Barnet residents organise funeral procession for Barnet Public Services

Yesterday a group of residents organised a funeral march, they made several stops across the borough and gave the following eulogy.

“We are gathered here today to bid farewell to Barnet Public Services.

It is sad, of course, to lose a single service, but to lose the majority of this family is truly tragic. Perhaps you did not know all of them, but all of us were acquainted with some of them. They were there to serve us and they provided jobs for some of us. The purpose of these services – like the motivation of those who provided them – was purely to do the job well. They were not perfect, any more than any of us are, but these services were answerable to US, the public. We could reach them directly and press our case when necessary. There were personal connections and there was continuity. They were part of our community.

They were ours, we valued them and we fought hard to save them. They would have lived but for the key to their survival – the date of the decision of their execution – being hidden from view and the executioners’ misleading statements about it when asked.

Now those services as we knew them are gone.

The public – is private,

the motivation and purpose are profit – not service,

and our community rightly grieves.

As we mourn our loss, we extend our sympathies to those who have the added hardship of being forced to move or who have lost their job. As we watch our public services being buried far from their home, we worry how call-centre workers with no connection to, knowledge of, or interest in us and our community will respond to our needs.

We worry especially about what will happen to us and to our loved ones as the first priority of even more vital services – becomes profit, for we have seen how this has harmed some and endangers more people in the privatised care regimes under Fremantle and Your Choice Barnet. Fighting for the right to be consulted about the care of those we hold dear, we are told by such organisations that they don’t have to listen to us, because they are private companies. So how will we ensure that our environment, our buildings, the goods sold in our shops, our highways, our estates and our personal data are safe in the hands of Capita, an enormous organization with a far-from-perfect record of delivering on its promises in the public service sector?

By their actions, the executioners – and you know who they are ­– have dealt a body blow to local democracy. And although we have lost the initial battle, there is much to fight for.

As we bid farewell to public services, let us rededicate ourselves to that fight and to restoring that democracy: To holding the council and Capita to account for every drop in standards, every failure to deliver services, and every penny not accounted for.

Do NOT rest in peace, Capita and Barnet Council:



“Why are the government attacking the workers and their union?

“Why are the government attacking the workers and their union?

In the last month there has been a concerted negative campaign to target workers and their trade unions. By that I refer to the stories in the press questioning the role of the trade unions and the link to the Labour Party. The Coalition Government attacks are directed on funding of the Labour Party and now it seems future funding of political parties may now be funded by the tax payer?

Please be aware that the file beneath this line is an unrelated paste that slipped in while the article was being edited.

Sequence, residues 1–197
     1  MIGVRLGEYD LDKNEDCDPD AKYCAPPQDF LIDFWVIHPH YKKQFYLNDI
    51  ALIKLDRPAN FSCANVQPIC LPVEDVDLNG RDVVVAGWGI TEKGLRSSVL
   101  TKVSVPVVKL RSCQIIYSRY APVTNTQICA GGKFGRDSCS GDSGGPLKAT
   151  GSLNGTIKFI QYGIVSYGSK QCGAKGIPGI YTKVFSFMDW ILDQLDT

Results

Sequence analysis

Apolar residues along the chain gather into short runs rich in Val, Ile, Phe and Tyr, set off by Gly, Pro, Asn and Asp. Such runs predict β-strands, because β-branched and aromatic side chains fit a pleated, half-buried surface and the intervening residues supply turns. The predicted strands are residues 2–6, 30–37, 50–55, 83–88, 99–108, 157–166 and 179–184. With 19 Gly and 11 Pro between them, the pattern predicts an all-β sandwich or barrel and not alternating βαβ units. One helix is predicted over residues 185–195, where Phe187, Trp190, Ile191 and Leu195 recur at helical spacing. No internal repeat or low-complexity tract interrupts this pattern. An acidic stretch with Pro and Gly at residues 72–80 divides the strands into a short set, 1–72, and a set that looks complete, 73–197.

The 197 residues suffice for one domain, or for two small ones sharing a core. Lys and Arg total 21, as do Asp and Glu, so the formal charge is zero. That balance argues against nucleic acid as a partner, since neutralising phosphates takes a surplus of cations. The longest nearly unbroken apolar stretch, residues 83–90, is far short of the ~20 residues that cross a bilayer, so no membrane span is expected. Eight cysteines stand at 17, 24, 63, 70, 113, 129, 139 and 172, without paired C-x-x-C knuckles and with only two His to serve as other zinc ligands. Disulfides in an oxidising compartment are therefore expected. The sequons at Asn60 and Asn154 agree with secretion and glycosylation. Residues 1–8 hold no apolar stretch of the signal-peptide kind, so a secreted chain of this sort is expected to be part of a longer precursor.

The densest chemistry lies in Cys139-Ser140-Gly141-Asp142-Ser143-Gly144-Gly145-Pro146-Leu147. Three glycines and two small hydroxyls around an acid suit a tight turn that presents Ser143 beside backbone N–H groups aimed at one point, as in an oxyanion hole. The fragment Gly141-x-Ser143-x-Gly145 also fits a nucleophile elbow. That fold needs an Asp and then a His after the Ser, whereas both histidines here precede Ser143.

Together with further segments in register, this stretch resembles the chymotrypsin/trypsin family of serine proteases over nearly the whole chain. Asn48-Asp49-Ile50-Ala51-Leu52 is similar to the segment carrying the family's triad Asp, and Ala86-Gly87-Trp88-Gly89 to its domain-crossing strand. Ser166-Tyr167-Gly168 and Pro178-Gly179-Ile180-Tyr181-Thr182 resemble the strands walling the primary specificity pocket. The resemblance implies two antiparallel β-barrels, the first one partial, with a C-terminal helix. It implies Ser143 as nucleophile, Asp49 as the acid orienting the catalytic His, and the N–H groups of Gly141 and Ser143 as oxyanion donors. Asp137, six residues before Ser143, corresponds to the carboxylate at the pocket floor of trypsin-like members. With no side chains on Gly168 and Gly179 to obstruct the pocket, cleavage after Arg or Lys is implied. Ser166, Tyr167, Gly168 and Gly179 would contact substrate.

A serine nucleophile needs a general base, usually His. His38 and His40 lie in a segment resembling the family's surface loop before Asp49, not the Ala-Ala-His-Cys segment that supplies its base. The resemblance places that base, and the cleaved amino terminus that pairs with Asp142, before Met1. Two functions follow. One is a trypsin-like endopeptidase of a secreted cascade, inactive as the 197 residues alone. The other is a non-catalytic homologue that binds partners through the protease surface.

What is of interest are the private donations by multinationals who are clearly wanting something in return.

It was interesting to read that over £100 billion of public sector contracts have already been handed to the big private sector contractors such as G4S, IBM. Serco, Balfour Beatty, BT, and Capita

It is not until you read the list of MPs with financial interests and links to the NHS see here that you can see whay the NHS is already under threat of mass privatisation

Where are attacks?

1. Employment Tribunals

Earlier this week news broke that workers would have to pay if they wanted to take their employer to an employment tribunal.

Workers can expect to pay between £160 to £250 simply to make a claim and a further hearing fee starting at £230 to £950.

This is clearly designed to stop access to justice for workers who have been unfairly dismissed or discriminated against.

However if a worker belongs to a Trade Union this fee will be covered case if UNISON takes up the case for the member

The Good News is that UNISON has won the right to have a JR hearing over tribunal fees read here

2. Attack on Trade Unions and their members

I refer of course to the “Transparency of Lobbying, Non-party Campaigning and Trade Union Administration Bill 2013-14”

The above Bill is a direct attack on Trade Unions and our members working across the public and private sectors. It ignores the growing public concern that rich and powerful individuals and corporations hold over policy making and politicians

3. Privatised workers lose rights to National Pay Awards.

When workers have previously been transferred to the private sector, the link to future the national Pay Awards has been quashed in the European courts see here

4. Attacking collection of Trade Union subscriptions

This dispute concerns the collection of trade union subscriptions by the employer on behalf of the trade union. This is a practice all good employers carry out for a fee paid by the trade union. Reading this report it seems that this petty attack has all the trademarks of anti trade union ideology.


Austerity launches another vicious attack on low paid female workers in Barnet Council

Austerity launches another vicious attack on low paid female workers in Barnet Council

On Friday 2 August Barnet Council issued a Press Release (here) about the Judicial Review of the One Barnet Programme. Here is an extract

Councillor Richard Cornelius, Leader of the Council, said: “I’m delighted with the judges’ decision.

“We can all now get on with making the huge savings in our back office costs which we need to do if we are to continue protecting our frontline services.

On the same day the above statement was released I sat in a consultation with coach escorts who provide a Frontline service for children with special education needs (SEN).